There are two axioms that prevail when searching for a partner. You always get who you are and Opposites attract. You might say, “I’m not at all like my husband/wife. In fact, I’m totally opposite from him/her.” But, that isn’t the case. I understand that it may appear so, particularly if you judge solely by outward behavior. However, let me give you an example that might better aid you to understand this. Picture a junior high classroom. In the middle of the room is young man who, when the teacher’s back is turned, throws spitballs. He puts his foot out, as though to trip students walking by his desk and answers the teacher’s questions in an obtuse, supposedly humorous fashion. What is he trying to do? The answer is simple. Draw attention to himself. Why? Probably because he feels he doesn’t fit in and can’t compete. Consequently, he draws attention to himself through negative behaviors. To describe this youngster, you might say that he feels inadequate, insufficient and depressed.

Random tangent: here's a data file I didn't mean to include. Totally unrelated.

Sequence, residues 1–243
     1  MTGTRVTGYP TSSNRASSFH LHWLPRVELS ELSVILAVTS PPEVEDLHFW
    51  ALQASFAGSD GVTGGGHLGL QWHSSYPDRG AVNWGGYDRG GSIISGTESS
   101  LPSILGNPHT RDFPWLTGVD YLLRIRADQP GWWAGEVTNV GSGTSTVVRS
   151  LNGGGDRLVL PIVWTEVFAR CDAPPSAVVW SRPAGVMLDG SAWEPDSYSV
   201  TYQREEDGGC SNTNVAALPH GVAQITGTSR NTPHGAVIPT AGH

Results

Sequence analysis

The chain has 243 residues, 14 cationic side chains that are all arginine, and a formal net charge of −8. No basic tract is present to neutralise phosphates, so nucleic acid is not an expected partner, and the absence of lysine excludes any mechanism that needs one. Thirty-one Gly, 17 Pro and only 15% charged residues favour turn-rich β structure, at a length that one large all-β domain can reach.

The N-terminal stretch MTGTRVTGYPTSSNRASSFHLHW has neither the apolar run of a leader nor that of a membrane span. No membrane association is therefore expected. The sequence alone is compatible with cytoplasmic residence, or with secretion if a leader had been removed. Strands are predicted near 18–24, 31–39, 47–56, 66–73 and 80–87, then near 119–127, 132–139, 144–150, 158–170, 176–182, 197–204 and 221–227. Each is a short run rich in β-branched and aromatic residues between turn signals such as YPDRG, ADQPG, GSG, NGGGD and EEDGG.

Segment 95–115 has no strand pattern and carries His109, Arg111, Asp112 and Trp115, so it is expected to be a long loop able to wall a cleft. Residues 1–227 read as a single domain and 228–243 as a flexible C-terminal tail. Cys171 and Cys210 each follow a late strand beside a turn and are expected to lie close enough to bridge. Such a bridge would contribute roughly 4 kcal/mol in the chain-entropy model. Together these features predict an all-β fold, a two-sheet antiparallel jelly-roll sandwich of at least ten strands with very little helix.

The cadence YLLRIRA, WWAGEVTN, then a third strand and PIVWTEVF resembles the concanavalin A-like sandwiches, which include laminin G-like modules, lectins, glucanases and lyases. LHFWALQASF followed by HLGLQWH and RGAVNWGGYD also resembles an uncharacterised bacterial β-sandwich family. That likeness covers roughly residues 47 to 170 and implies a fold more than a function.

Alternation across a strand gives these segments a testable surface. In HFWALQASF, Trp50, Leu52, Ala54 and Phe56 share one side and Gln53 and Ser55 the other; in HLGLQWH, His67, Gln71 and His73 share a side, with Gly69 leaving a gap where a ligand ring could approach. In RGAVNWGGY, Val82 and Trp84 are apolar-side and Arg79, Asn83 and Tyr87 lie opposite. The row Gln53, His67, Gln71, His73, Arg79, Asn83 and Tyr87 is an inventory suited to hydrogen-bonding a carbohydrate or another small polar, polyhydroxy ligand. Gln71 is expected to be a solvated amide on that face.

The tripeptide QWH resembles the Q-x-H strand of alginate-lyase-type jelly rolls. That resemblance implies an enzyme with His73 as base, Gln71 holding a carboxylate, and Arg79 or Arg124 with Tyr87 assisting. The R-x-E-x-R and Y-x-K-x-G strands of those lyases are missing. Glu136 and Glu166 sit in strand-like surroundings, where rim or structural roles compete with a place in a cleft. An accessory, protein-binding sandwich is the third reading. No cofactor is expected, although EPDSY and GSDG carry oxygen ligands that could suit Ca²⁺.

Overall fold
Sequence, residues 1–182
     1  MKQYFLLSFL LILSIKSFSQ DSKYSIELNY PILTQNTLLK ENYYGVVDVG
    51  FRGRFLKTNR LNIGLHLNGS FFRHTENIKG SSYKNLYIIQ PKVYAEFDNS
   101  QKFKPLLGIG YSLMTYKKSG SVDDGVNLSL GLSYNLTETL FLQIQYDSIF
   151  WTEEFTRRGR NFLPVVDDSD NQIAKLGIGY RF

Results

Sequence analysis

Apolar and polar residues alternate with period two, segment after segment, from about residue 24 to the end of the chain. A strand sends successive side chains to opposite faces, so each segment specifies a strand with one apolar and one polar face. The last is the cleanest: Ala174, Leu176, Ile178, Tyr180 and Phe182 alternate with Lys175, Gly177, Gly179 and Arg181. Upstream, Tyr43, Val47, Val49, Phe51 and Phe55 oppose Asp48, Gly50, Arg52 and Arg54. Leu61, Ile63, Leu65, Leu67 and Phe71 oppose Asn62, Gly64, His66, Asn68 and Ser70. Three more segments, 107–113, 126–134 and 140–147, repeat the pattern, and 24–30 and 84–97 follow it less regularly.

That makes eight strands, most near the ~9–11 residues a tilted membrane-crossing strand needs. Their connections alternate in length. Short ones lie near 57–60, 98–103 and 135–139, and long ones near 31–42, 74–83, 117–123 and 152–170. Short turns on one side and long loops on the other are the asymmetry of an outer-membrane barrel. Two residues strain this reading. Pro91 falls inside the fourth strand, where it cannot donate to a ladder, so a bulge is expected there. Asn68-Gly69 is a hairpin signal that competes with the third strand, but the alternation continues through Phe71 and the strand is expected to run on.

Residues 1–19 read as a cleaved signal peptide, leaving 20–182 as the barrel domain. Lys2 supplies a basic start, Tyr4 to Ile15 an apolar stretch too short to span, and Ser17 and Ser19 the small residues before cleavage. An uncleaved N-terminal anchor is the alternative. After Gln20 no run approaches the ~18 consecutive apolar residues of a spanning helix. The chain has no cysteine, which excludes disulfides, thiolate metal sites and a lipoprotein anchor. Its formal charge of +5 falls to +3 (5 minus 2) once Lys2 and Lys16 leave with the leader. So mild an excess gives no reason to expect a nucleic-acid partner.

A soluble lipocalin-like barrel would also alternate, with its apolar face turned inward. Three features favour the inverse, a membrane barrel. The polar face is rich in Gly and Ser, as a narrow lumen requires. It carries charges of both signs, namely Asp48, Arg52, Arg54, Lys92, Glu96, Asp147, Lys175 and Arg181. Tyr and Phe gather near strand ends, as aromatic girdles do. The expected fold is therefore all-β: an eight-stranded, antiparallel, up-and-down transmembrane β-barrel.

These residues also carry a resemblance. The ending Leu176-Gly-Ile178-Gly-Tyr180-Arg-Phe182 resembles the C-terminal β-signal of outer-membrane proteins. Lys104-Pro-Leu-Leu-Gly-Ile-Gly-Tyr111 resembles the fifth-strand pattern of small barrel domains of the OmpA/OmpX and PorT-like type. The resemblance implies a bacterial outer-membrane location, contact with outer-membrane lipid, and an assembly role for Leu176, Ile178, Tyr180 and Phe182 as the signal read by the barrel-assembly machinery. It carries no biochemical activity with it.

In the same classroom, there is a young lady who enters the room just as the bell is ringing. She chooses a seat behind the biggest individual, offers no comments and causes no problems. What’s she doing? The answer is apparent. She’s hiding. Her behavior is the opposite of the young man seeking negative attention. How would you describe her? Probably as inadequate, insufficient and depressed.
There you have it. These two individuals behave in a totally opposite manner, but their feelings are the same.